Wednesday, November 11, 2015

Partner Reading with True/False Sorts


One of my students’ favorite Daily 5 choices is Read With Someone.  It can be a challenge to find materials to keep them excited, engaged and on task.  My kiddos love when I put true/false sorts in the Read With Someone bucket! 

What Are True/False Sorts?

These sorts are a great way to engage students and set the stage for their reading.  Partners get a set of cards that they sort before reading using any prior knowledge they have on the subject.  The goal of this first sort is not to be correct, but to help set the stage and focus their reading.



After sorting, the partners then take turns reading the passage. 


Then the partners return to their sort and discuss each card.  They will decide if it can remain in the column they originally  put it in, or if based on their reading it needs to be moved. 


This strategy is a great way to get students discussing their reading and they have to use evidence from the text to justify their sort.

You can create True/False sorts for any books or passages that you are using in guided reading groups.  Passages from Read Works are great for creating sorts also. 

If you don’t have time to create your own you can grab my Ocean Animals Passages and Sorts.  They are high interest and between a third and fourth grade reading level. 

True-False Sort Pack (Ocean Animals) Collage

Stay tuned for other themed sorts…there are more to come!  Happy Sorting!

Sunday, November 1, 2015

Problem Solving Made Less Painful!

If your math assessments are anything like ours they have a lot of short answer, problem solving, explain your thinking type problems included.  We were looking for a way to get our students to work through problems and explain how they arrived at their answer.  Enter R.I.C.E. Check, courtesy of my brilliant friend Mrs. Nelson (who is NOT missing, she just moved to Kansas).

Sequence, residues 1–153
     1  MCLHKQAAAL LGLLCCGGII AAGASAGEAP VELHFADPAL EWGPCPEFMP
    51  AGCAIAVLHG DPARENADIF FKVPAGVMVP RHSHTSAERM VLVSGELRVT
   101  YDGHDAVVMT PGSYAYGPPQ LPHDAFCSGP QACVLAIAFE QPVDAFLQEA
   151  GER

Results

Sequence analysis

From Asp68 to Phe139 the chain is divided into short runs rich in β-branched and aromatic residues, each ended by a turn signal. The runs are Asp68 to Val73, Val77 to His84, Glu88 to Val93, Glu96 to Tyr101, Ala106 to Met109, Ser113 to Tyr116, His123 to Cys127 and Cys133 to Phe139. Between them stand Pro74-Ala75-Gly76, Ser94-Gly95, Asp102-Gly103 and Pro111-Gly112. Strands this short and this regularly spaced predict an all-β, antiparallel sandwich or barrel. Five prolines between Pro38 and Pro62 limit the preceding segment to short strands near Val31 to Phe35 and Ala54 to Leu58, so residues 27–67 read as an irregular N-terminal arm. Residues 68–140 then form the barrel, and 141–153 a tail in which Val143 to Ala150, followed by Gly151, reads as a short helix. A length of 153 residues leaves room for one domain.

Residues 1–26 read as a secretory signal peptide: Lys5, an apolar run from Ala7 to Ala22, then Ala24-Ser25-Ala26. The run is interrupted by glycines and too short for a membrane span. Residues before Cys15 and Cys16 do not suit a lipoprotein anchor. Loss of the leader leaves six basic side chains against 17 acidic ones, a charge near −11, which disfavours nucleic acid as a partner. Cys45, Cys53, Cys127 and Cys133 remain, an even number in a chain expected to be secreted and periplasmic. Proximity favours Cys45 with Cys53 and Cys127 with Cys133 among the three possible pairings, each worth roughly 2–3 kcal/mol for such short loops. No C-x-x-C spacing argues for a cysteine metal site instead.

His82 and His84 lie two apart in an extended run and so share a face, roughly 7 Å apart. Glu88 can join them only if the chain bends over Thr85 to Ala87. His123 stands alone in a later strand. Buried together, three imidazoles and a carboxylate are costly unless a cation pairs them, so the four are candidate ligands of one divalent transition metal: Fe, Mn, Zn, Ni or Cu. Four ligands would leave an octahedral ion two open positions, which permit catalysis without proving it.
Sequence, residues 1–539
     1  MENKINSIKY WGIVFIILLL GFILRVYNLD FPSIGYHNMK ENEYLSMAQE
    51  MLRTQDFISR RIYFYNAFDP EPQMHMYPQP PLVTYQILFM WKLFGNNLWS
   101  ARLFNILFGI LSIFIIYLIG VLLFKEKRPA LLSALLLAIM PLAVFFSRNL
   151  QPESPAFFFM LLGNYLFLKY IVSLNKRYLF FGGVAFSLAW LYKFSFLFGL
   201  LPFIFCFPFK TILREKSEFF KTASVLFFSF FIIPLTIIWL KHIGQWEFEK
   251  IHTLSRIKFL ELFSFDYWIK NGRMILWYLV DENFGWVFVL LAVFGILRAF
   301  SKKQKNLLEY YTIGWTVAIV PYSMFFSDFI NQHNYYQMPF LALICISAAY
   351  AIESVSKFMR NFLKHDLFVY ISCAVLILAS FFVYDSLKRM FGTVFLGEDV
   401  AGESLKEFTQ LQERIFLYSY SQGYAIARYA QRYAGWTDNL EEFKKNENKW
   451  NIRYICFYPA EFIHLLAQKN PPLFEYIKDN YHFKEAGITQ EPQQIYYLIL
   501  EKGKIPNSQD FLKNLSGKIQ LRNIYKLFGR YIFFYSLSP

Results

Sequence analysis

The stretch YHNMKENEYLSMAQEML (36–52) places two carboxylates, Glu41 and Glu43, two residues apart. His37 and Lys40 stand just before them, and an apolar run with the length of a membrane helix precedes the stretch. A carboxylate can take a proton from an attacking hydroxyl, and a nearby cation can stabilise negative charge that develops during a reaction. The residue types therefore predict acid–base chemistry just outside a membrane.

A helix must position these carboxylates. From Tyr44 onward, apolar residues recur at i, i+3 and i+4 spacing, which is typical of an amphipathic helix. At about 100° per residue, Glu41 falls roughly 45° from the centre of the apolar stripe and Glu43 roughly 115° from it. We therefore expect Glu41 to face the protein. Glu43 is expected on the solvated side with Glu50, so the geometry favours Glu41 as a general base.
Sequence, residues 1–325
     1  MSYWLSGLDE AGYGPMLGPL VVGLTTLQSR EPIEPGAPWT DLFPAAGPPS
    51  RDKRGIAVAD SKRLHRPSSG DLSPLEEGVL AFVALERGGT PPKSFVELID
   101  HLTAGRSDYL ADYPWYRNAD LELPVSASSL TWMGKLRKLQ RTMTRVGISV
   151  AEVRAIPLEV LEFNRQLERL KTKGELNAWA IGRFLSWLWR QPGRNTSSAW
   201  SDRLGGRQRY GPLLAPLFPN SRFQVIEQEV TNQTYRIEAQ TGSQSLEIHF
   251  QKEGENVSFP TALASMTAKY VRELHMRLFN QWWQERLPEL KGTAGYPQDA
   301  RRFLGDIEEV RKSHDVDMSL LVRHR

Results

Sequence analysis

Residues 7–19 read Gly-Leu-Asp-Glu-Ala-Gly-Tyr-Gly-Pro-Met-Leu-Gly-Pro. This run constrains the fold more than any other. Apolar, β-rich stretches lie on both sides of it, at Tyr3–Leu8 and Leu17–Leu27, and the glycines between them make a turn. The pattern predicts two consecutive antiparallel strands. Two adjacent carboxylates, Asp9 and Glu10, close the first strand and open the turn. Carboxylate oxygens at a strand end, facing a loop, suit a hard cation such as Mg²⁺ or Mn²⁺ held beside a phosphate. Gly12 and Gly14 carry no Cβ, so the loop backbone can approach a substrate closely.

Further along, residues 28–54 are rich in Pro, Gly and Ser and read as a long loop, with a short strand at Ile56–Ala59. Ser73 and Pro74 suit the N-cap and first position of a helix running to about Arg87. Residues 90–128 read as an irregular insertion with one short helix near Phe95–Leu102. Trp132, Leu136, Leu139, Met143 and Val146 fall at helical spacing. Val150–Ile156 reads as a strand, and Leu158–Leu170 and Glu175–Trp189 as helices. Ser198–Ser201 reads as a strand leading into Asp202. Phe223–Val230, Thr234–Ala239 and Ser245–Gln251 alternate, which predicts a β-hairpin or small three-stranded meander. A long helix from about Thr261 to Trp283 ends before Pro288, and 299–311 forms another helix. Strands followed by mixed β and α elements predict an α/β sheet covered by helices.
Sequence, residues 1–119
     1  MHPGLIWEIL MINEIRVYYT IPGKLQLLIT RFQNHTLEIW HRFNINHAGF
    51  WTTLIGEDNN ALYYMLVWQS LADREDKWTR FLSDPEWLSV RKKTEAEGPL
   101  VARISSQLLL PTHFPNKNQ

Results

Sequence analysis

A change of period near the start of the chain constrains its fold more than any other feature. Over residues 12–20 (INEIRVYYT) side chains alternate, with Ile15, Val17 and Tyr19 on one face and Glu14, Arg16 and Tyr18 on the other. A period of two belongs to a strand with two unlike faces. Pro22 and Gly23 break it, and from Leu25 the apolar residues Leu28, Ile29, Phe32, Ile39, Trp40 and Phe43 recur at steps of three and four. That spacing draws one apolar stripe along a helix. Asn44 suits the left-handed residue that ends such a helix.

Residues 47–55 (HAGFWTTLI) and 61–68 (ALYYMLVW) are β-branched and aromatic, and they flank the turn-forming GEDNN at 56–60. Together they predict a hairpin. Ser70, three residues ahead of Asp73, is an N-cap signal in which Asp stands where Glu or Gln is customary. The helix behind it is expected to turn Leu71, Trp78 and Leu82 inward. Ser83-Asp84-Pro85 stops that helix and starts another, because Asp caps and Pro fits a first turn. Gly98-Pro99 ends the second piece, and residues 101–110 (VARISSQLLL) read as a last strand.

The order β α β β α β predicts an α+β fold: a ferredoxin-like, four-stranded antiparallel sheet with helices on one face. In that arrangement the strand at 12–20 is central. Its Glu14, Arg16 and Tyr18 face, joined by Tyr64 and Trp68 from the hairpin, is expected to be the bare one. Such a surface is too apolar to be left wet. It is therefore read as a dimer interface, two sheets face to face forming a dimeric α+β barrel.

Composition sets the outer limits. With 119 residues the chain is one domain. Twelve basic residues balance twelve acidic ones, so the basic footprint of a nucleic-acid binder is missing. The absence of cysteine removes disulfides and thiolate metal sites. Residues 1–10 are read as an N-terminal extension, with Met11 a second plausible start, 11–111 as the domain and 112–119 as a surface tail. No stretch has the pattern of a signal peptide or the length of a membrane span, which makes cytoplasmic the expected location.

Mrs. Nelson was my teaching partner for several years before moving and becoming an instructional coach at a very lucky school in Kansas.  She flies out to sunny AZ at least twice a year and we get to hang out, go for walks/hikes, and chat all things school.

On one of our walks we were chatting about how to get students to explain their mathematical thinking in writing and she shared her genius idea of Rice Check!  After having used it and tested it out for two years now, I asked her if I could share it with you on my blog and she graciously said yes! 


The day that I introduce R.I.C.E. Check to my students I give them a little snack of Rice Chex to get them interested!


I’m not sure what it is about including food that gets them so excited, but it works.  They seem to remember how R.I.C.E. Check works so much better since they get to eat while learning about it. 




To start them off, I make an anchor chart that hangs on our math wall and then give them a small copy to glue into their math notebooks.



The first SEVERAL times we use R.I.C.E. Checks we do it together as a class.  Modeling how to use it and sharing your thinking with your class is such an important step.  I also use it during small group instruction during math centers so I can work with them a little more closely on it!


This is my second year using R.I.C.E. Checks with my students.  In the last two years I have seen how successful this strategy is.  On our framework assessments, students who use R.I.C.E. Checks to solve the short answer problems and explain their thinking earn all of the points on the rubric.  In order to get enough practice, we glue in a week’s worth of problems into our math journal.  We warm up for our math time each day by problem solving.  Once they get the hang of it, they can usually get finished in about 15 minutes.  I collect their journals every Friday and check one of the problems.  I never tell them ahead of time which problem I will be checking, it keeps them on their toes! 


I think the most important part of our problem solving time is the time we spend sharing our thinking.  My students love to pair share and see all of the different strategies they used to solve the same problem.  Allowing them time to discuss their thinking, talk about strategies that they were successful with, as well as those they tried and abandoned is such an important step.  They learn so much from each other.

If you would like to try R.I.C.E. Check with your students go grab the pack for FREE from my TPT store {Click HERE}. It has everything you need to get started!


Happy Problem Solving!